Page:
santa cruz wharf

19 November 2009

Cy Timmy….Cy

That ear to ear, goofy,grin girl is my daughter Rhiannon. She recently attended a philanthropic event where she was able to meet and hang out with some of her all time favorite people.

rhi and tim

The boy she is with…won a little award today…for the second time in his young life.

Congrats Tim…very well deserved.

05 November 2009

Dona Nobis Pacem ~ Blog Blast for Peace 2009

peace globe 09

Henry Wadsworth Longfellow (February 27, 1807 – March 24, 1882) was an incredibly talented educator and poet who endured great personal tragedy.

Internationally educated from the age of three, Longfellow taught at Bowdoin and Harvard.  The first American to translate Dante’s “Divine Comedy” and other classics, he is probably is best remembered as one of the most beloved American poets.

From the elementary school required recitation “
The Midnight Ride of Paul Revere

Listen my children
and you shall hear

to the the epic “Song of Hiawatha”

By the shores of Gitche Gumee,
By the shining Big-Sea-Water,

many of the lyrical phrases of our literary culture were penned by Henry Wadsworth Longfellow.

He lost two wives.  The first to miscarriage in 1835. The second in a tragic fire he blamed himself for.  In the twenty years he lived following her death in 1861, he never fully recovered, and suffered additional tragedies.

I make note of the dates as in 1864, Longfellow hit the low point in his life. Our country, the United States, was in the depth of a horrendous Civil War. Nowadays, we say Civil War and think of cotton and Tara and reflection of the first step in our nation’s history to end slavery. Sometimes we overlook 620,000 Americans died during the Civil War.

It was on Christmas in 1864 Longfellow heard the bells on Christmas morning and thought of his wife, and agonized over the injuries his son had suffered fighting. In his darkest despair he questioned if there was any Peace on Earth, indeed if there ever would be again.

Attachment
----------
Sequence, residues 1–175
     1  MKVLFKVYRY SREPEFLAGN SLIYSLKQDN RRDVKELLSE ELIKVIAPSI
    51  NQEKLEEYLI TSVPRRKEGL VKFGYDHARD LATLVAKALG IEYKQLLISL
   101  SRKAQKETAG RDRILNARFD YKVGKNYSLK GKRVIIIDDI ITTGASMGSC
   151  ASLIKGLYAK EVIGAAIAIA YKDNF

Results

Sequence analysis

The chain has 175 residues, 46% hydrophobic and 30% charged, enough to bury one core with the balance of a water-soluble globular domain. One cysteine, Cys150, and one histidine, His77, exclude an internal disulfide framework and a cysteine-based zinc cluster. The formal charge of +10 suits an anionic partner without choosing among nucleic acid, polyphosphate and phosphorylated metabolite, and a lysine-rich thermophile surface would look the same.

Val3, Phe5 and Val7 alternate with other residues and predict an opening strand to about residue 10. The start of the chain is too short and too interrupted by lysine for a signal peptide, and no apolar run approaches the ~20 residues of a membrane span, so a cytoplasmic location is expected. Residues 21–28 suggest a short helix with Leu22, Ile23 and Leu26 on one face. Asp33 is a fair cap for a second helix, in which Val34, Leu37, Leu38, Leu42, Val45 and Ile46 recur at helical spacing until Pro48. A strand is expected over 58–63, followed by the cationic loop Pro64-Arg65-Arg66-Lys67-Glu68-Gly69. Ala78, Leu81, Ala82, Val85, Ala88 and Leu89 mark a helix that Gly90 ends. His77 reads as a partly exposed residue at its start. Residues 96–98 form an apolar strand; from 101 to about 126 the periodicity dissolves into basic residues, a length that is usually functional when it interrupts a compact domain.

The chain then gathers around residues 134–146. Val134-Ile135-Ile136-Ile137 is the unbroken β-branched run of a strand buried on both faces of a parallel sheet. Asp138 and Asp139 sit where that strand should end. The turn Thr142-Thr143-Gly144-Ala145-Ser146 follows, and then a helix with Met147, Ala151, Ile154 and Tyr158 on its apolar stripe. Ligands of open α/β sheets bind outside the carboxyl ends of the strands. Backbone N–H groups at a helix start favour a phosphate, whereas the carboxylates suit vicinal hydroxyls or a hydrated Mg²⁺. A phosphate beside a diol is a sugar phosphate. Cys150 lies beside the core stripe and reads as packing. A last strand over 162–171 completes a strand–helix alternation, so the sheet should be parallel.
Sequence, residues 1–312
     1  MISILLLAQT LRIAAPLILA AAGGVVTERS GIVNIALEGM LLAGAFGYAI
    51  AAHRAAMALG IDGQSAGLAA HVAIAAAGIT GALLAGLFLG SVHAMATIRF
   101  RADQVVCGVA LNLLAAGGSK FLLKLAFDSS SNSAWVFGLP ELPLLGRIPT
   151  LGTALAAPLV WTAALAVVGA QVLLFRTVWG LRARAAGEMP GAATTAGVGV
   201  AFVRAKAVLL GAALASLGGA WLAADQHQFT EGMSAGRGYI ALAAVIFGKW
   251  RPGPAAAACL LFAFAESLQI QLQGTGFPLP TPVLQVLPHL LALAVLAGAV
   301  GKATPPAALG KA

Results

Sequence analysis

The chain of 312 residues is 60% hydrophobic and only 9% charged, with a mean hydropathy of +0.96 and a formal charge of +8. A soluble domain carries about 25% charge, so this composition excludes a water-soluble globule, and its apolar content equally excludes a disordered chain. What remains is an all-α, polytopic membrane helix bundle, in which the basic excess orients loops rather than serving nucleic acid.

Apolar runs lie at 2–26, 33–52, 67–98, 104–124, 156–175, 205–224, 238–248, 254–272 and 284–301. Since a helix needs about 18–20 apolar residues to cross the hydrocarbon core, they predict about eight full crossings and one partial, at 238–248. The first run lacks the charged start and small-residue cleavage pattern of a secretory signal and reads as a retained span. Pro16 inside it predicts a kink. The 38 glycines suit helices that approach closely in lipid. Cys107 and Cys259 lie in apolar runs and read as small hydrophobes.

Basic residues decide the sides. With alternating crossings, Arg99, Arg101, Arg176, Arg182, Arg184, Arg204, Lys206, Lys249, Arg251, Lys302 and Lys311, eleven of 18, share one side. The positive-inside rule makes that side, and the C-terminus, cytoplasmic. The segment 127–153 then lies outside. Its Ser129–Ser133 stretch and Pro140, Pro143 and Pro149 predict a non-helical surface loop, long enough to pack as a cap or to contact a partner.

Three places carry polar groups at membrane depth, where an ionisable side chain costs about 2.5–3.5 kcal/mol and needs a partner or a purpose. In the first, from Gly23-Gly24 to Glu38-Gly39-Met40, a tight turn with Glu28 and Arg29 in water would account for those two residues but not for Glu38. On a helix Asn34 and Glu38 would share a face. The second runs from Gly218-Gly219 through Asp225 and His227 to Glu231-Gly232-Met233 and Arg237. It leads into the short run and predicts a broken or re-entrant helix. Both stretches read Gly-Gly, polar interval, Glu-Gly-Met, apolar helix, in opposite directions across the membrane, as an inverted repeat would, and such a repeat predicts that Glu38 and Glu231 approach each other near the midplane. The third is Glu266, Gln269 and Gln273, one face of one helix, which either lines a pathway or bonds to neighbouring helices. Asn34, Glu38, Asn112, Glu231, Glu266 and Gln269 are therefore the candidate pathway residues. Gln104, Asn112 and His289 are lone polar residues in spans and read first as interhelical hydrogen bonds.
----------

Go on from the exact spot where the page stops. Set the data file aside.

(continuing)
In that moment, as he wrote the poem which would become a beautiful Christmas carol, he knew in all certainty that the good in mankind would indeed prevail. That the hate which seemed so powerful would fail…and that there would be Peace on Earth.

Casting Crowns has a version of this song I am pretty fond of.  I could only find a “live” clip on youtube. It’s pretty cool to hear all the children singing “Peace on Earth” throughout the song.

Christmas Bells
the poem by HW Longfellow:

I heard the bells on Christmas Day
Their old, familiar carols play,
And wild and sweet
The words repeat
Of peace on earth, good-will to men!

And thought how, as the day had come,
The belfries of all Christendom
Had rolled along
The unbroken song
Of peace on earth, good-will to men!

Till ringing, singing on its way,
The world revolved from night to day,
A voice, a chime,
A chant sublime
Of peace on earth, good-will to men!

Then from each black, accursed mouth
The cannon thundered in the South,
And with the sound
The carols drowned
Of peace on earth, good-will to men!

It was as if an earthquake rent
The hearth-stones of a continent,
And made forlorn
The households born
Of peace on earth, good-will to men!

And in despair I bowed my head;
"There is no peace on earth," I said;
”For hate is strong,
And mocks the song
Of peace on earth, good-will to men!"

Then pealed the bells more loud and deep:
"God is not dead, nor doth He sleep;
The Wrong shall fail,
The Right prevail,
With peace on earth, good-will to men."

Biography (dot com)
National Center for Public Policy and Research
The Other Pages (dot org)

As previously mentioned, today is the annual Blog Blast for Peace thanks to Mimi.  Please visit here to catch the thousands of Peace offerings from literally all over the Globe.